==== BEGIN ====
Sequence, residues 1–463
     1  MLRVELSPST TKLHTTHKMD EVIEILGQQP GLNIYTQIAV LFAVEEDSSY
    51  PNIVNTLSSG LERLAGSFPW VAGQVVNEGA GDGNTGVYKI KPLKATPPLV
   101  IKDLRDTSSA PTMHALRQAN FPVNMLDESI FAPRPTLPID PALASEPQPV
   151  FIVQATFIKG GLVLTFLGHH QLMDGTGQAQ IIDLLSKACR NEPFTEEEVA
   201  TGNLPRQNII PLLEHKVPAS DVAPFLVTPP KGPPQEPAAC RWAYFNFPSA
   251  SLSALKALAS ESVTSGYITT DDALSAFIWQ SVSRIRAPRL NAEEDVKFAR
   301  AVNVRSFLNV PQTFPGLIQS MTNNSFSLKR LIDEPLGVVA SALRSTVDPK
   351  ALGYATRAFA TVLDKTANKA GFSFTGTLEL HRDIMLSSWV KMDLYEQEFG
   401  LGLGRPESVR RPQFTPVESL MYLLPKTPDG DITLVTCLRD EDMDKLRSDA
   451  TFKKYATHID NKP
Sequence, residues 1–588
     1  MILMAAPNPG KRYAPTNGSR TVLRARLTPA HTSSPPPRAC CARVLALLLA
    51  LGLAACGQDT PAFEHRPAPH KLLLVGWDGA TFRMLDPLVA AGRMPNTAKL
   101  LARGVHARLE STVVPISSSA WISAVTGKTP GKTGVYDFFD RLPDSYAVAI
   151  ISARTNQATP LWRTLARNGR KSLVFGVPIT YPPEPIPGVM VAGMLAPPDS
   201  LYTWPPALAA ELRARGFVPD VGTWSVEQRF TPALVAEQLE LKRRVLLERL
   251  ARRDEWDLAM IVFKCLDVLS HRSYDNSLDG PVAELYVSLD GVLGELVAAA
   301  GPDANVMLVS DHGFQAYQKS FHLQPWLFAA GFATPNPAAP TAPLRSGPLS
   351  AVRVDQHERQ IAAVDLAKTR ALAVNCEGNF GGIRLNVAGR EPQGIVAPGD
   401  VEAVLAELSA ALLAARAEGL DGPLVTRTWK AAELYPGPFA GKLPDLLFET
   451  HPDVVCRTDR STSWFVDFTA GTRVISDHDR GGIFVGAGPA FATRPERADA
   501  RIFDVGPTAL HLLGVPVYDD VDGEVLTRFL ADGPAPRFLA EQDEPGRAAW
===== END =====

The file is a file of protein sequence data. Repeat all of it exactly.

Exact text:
Sequence, residues 1–463
     1  MLRVELSPST TKLHTTHKMD EVIEILGQQP GLNIYTQIAV LFAVEEDSSY
    51  PNIVNTLSSG LERLAGSFPW VAGQVVNEGA GDGNTGVYKI KPLKATPPLV
   101  IKDLRDTSSA PTMHALRQAN FPVNMLDESI FAPRPTLPID PALASEPQPV
   151  FIVQATFIKG GLVLTFLGHH QLMDGTGQAQ IIDLLSKACR NEPFTEEEVA
   201  TGNLPRQNII PLLEHKVPAS DVAPFLVTPP KGPPQEPAAC RWAYFNFPSA
   251  SLSALKALAS ESVTSGYITT DDALSAFIWQ SVSRIRAPRL NAEEDVKFAR
   301  AVNVRSFLNV PQTFPGLIQS MTNNSFSLKR LIDEPLGVVA SALRSTVDPK
   351  ALGYATRAFA TVLDKTANKA GFSFTGTLEL HRDIMLSSWV KMDLYEQEFG
   401  LGLGRPESVR RPQFTPVESL MYLLPKTPDG DITLVTCLRD EDMDKLRSDA
   451  TFKKYATHID NKP
Sequence, residues 1–588
     1  MILMAAPNPG KRYAPTNGSR TVLRARLTPA HTSSPPPRAC CARVLALLLA
    51  LGLAACGQDT PAFEHRPAPH KLLLVGWDGA TFRMLDPLVA AGRMPNTAKL
   101  LARGVHARLE STVVPISSSA WISAVTGKTP GKTGVYDFFD RLPDSYAVAI
   151  ISARTNQATP LWRTLARNGR KSLVFGVPIT YPPEPIPGVM VAGMLAPPDS
   201  LYTWPPALAA ELRARGFVPD VGTWSVEQRF TPALVAEQLE LKRRVLLERL
   251  ARRDEWDLAM IVFKCLDVLS HRSYDNSLDG PVAELYVSLD GVLGELVAAA
   301  GPDANVMLVS DHGFQAYQKS FHLQPWLFAA GFATPNPAAP TAPLRSGPLS
   351  AVRVDQHERQ IAAVDLAKTR ALAVNCEGNF GGIRLNVAGR EPQGIVAPGD
   401  VEAVLAELSA ALLAARAEGL DGPLVTRTWK AAELYPGPFA GKLPDLLFET
   451  HPDVVCRTDR STSWFVDFTA GTRVISDHDR GGIFVGAGPA FATRPERADA
   501  RIFDVGPTAL HLLGVPVYDD VDGEVLTRFL ADGPAPRFLA EQDEPGRAAW